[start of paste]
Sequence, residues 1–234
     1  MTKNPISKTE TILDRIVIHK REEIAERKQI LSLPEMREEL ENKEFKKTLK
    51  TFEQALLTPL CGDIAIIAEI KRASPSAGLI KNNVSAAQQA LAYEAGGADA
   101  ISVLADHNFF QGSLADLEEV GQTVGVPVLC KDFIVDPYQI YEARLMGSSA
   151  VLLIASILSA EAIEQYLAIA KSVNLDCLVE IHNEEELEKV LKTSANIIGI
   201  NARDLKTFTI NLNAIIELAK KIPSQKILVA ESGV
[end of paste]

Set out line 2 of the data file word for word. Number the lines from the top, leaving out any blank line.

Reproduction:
     1  MTKNPISKTE TILDRIVIHK REEIAERKQI LSLPEMREEL ENKEFKKTLK